In order to improve the aerodynamics we must first know how the flow of air past a car, if we visualize a car moving through the air. As we all know, it takes some energy to move the car through the air, and this energy is used to overcome a force called Drag.

A simple definition of aerodynamics is the study of the flow of air around and through a vehicle, primarily if it is in motion. To understand this flow, you can visualize a car moving through the air. As we all know, it takes some energy to move the car through the air, and this energy is used to overcome a force called Drag. Drag, in vehicle aerodynamics, is comprised primarily of two forces. Frontal pressure and rear vaccum.


The total drag force decreases, meaning that a car with a low drag force will be able to accelerate and travel faster than one with a high drag force. This means a smaller engine is required to drive such a car, which means less consumption of fuel.


As with the parts inside the engine, when the entire car is made lighter, through the use of lighter materials or better designs, less force is required to move the car. This is based on F=MA or more accurately, A=F/M, so as mass of the car decreases, the acceleration increases, or less force is required to accelerate the lighter car.


FRONT END Frontal pressure is caused by the air attempting to flow around the front of the car. As millions of air molecules approach the front grill of the car, they begin to compress, and in doing so raise the air pressure in front of the car. At the same time, the air molecules traveling along the sides of the car are at atmospheric pressure, a lower pressure compared to the molecules at the front of the car. The compressed molecules of air naturally seek a way out of the high pressure zone in front of the car, and they find it around the sides, top and bottom of the car. Improvements at the front can be made by ensuring the front end is made as a smooth, continuous curve originating from the line of the front bumper . Making the screen more raked (i.e. not as upright) tends to reduce the pressure at the base of the screen, and to lower the drag. However, much of this improvement arrives because a more sloped screen means a softer angle at the top where it meets the roof, keeping flow attached. Similar results can be achieved through a suitably curved roof.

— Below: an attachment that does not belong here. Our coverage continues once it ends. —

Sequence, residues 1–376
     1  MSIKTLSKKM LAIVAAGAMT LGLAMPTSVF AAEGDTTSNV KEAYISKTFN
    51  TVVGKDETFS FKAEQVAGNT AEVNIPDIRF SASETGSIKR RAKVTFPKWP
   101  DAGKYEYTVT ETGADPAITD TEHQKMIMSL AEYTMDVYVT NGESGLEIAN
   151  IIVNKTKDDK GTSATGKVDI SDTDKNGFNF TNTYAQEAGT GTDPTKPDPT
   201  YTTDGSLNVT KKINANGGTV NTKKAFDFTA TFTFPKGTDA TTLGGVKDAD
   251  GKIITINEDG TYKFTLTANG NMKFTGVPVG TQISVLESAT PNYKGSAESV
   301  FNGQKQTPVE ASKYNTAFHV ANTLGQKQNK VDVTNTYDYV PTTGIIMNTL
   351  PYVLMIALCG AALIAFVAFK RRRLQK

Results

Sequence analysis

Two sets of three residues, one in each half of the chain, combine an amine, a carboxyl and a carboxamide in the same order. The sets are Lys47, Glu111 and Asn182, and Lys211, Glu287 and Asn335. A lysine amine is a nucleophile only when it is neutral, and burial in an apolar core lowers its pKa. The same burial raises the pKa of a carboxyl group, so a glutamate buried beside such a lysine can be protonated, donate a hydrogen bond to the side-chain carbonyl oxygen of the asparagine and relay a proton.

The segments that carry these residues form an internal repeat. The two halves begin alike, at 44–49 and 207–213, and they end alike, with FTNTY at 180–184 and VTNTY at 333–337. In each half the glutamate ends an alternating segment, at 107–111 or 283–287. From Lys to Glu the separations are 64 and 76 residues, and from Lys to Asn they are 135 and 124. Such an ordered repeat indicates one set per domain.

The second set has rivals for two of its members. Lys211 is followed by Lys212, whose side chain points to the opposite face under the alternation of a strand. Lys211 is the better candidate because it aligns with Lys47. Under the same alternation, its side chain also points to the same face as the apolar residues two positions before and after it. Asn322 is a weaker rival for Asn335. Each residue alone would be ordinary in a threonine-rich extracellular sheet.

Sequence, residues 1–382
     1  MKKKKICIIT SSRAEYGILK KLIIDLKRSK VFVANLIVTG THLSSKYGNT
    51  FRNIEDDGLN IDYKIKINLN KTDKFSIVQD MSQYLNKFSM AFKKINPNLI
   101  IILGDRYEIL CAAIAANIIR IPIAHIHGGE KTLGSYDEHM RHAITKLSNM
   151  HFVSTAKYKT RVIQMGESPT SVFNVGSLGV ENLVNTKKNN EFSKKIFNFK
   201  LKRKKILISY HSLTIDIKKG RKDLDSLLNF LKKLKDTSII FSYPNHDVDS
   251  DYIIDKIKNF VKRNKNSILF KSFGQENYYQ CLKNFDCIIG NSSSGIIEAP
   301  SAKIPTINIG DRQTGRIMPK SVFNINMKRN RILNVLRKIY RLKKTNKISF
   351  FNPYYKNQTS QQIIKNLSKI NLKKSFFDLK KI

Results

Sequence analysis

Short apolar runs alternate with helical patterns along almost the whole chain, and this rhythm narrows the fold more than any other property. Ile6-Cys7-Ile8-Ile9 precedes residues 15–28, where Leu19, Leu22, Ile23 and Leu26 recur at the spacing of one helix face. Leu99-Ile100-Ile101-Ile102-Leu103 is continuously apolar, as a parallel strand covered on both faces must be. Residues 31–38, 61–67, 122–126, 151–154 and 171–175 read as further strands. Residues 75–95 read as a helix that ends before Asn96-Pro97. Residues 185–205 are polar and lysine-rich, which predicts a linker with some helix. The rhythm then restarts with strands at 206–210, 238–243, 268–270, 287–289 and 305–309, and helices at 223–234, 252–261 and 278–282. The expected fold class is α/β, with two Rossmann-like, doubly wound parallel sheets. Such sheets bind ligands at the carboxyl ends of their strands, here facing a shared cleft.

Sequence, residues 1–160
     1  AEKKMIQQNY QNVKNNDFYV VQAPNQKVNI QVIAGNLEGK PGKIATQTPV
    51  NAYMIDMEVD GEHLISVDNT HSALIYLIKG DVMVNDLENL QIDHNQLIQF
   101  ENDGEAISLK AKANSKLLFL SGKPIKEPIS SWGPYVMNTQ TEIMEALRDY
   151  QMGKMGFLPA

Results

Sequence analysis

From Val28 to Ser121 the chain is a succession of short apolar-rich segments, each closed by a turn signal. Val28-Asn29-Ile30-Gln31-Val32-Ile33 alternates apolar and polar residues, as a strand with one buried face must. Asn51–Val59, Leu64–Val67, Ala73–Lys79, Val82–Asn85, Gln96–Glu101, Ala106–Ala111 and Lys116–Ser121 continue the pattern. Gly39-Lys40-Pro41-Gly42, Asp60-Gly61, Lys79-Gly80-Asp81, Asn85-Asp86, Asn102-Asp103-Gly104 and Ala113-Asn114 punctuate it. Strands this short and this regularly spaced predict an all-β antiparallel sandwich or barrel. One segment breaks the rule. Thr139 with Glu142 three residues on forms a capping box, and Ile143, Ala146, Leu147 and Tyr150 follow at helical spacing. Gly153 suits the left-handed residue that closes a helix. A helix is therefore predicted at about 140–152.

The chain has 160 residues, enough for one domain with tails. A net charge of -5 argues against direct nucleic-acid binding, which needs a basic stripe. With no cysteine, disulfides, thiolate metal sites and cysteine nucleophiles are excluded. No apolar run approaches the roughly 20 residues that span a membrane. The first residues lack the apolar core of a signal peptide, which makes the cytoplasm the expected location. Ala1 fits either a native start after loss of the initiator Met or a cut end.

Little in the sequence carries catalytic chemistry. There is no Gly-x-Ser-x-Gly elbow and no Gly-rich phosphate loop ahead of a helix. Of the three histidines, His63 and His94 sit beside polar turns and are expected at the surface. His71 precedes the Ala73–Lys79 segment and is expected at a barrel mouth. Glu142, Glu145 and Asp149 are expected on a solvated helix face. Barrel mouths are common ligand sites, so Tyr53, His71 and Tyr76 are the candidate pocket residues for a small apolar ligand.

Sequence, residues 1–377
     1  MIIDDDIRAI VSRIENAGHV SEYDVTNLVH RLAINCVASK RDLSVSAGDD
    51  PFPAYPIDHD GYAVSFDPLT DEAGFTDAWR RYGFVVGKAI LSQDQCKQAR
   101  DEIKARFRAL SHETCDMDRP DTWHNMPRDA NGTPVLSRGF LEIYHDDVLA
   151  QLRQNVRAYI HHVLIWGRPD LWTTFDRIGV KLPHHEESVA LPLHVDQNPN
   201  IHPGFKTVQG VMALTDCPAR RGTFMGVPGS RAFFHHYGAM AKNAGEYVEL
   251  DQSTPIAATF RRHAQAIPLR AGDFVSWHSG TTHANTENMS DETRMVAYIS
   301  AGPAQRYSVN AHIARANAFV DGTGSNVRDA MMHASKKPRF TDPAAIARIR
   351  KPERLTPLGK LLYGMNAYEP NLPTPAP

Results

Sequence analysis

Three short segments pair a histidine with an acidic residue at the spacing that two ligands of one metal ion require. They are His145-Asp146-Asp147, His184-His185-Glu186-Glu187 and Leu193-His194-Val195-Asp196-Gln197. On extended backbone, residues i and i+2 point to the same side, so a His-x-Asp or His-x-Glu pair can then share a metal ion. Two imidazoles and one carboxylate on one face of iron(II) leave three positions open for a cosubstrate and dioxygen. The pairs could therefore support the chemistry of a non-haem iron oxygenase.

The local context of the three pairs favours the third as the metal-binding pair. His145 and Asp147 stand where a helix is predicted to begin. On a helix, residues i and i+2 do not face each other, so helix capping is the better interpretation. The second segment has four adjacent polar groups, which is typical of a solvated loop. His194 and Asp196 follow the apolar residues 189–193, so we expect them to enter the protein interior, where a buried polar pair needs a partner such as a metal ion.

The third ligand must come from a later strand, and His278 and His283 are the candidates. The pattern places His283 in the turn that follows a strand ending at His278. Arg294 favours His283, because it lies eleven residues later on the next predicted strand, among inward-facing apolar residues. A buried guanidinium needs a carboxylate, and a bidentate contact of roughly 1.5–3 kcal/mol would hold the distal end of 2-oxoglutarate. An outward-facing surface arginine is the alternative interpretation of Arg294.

REAR END Rear vacuum (a non-technical term, but very descriptive) is caused by the "hole" left in the air as the car passes through it. To visualize this, imagine a bus driving down a road. The blocky shape of the bus punches a big hole in the air, with the air rushing around the body, as mentioned above. At speeds above a crawl, the space directly behind the bus is "empty" or like a vacuum. This empty area is a result of the air molecules not being able to fill the hole as quickly as the bus can make it. The air molecules attempt to fill into this area, but the bus is always one step ahead, and as a result, a continuous vacuum sucks in the opposite direction of the bus. This inability to fill the hole left by the bus is technically called Flow detachment .At the rear of vehicles, the ideal format is a long and gradual slope. As this is not practical, it has been found that raising and/or lengthening the boot generally reduce the drag. In plan view, rounding corners and all forward facing elements will reduce drag. Increases in curvature of the entire vehicle in plan will usually decrease drag provided that frontal area is not increased. Tapering the rear in plan view, usually from the rear wheel arch backwards, can produce a significant reduction in drag. Under the vehicle, a smooth surface is desirable as it can reduce both vehicle drag and surface friction